Written by: Jonathan Munnery
The government’s furlough scheme needs to be extended for jobs across the UK economy to be properly protected into the second half of this year.
That is the message from most respondents to a recent survey of employers carried out by the Chartered Institute of Personnel and Development (CIPD).
Around 60 per cent of survey respondents said extending the scope of the Coronavirus Job Retention Scheme to September would be the single most significant labour market policy the government could introduce to help them as businesses hit by the COVID-19 crisis.
Many respondents to the recent survey also indicated that they would like to see the scheme made more flexible so that some employees could work part time while still receiving partial extra payments via the government’s emergency furlough system.
The jobs retention scheme allows the government to pay the wages of employees who are furloughed up to £2,500 a month, with the current plan being for it to continue functioning until the end of June.
However, a significant number of company bosses are worried that ending the furlough scheme at the end of June will result in a wave of redundancies being set in motion soon after.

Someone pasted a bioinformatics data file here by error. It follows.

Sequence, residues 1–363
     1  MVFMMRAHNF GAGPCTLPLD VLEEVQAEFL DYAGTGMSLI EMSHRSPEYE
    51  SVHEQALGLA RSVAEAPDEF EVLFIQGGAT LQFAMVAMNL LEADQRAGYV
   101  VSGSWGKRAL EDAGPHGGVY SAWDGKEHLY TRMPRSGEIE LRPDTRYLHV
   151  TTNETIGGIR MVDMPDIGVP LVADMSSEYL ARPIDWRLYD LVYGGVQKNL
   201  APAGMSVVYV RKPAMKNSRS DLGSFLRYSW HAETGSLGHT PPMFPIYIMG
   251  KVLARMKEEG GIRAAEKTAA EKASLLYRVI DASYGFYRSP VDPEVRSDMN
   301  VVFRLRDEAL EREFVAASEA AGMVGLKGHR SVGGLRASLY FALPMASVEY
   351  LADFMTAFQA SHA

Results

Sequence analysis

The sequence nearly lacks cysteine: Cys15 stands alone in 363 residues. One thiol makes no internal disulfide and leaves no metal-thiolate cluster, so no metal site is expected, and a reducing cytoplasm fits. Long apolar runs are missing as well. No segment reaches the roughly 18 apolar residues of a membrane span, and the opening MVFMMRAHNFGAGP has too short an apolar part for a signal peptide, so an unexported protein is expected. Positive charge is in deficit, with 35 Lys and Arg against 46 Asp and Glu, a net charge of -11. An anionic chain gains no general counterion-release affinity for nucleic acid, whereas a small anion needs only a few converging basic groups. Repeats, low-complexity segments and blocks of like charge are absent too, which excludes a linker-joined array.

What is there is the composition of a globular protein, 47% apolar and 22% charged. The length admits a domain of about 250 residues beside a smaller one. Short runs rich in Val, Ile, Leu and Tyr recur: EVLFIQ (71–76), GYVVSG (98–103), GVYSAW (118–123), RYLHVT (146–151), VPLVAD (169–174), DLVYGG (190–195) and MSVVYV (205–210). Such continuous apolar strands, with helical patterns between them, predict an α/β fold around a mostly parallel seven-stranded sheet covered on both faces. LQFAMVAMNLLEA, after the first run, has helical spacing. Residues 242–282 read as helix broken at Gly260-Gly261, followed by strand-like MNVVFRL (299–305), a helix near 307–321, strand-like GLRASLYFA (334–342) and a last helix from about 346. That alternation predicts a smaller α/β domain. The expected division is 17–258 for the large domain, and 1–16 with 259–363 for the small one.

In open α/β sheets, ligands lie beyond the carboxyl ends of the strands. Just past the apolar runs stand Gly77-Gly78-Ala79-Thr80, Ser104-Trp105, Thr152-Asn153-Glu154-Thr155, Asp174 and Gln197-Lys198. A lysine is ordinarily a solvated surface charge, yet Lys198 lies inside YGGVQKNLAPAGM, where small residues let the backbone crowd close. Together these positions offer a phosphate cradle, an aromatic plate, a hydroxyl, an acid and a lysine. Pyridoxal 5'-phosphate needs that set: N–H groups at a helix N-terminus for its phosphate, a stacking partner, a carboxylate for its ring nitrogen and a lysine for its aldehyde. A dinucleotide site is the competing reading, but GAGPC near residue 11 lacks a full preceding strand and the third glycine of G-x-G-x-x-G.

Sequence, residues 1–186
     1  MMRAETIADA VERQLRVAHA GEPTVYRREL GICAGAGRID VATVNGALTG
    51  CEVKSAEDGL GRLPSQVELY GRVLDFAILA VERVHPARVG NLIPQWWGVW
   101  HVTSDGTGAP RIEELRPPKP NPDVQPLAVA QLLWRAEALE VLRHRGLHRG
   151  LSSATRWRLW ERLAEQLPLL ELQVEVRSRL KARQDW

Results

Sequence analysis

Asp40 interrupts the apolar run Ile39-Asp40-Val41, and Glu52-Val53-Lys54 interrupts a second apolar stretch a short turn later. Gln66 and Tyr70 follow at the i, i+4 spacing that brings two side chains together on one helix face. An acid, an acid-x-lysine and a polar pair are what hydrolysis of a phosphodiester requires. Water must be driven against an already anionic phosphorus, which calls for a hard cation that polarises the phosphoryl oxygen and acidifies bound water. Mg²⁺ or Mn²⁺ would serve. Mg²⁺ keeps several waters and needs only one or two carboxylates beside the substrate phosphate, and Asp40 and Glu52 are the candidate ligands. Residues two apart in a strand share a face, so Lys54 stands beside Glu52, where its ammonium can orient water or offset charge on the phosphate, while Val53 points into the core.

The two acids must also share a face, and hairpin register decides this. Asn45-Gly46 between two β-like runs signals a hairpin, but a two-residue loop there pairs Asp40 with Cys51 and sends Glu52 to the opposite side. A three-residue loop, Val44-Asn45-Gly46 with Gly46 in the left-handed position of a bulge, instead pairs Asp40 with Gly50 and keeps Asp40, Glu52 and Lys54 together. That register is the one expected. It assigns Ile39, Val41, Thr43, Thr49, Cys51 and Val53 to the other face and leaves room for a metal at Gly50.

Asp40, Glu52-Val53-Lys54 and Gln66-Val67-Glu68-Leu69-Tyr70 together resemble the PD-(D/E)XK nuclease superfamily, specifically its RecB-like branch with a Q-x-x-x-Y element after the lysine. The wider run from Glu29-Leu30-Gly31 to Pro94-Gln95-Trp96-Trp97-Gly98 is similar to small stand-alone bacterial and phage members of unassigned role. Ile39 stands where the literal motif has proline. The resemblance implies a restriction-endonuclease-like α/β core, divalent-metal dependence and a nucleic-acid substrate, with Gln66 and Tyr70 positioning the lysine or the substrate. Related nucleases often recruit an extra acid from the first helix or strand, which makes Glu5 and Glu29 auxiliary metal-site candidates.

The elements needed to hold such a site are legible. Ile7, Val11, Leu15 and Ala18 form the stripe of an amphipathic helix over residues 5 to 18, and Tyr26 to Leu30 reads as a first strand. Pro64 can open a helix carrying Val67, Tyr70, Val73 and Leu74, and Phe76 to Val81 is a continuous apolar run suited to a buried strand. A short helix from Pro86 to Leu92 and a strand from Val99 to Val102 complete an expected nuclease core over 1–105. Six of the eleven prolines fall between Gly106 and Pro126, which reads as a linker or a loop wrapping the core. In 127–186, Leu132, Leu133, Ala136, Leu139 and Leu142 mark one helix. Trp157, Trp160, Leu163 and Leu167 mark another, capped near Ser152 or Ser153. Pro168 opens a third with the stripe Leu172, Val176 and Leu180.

The CIPD has said that without the scheme being extended it could prove to have been effectively “a waiting room for unemployment” and a project that will “fail to protect significant numbers of jobs it set out to save”.
On the issue of part-time work, which furloughed employees are currently not allowed to engage in, the CIPD suggests the government should be looking seriously at the options and potentially changing its policy.
Allowing furloughed staff to work part time would “protect jobs, support businesses and reduce the burden on public finances,” according to the institute.
“Letting furloughed staff work some hours, where possible, will enable organisations to bring back workers from furlough gradually while rebuilding their business,” noted Peter Cheese, the CIPD’s chief executive.
“This will be vital as lockdown measures are eased over a number of weeks or months and will reduce the risk of large-scale redundancies in this next phase of the crisis.”
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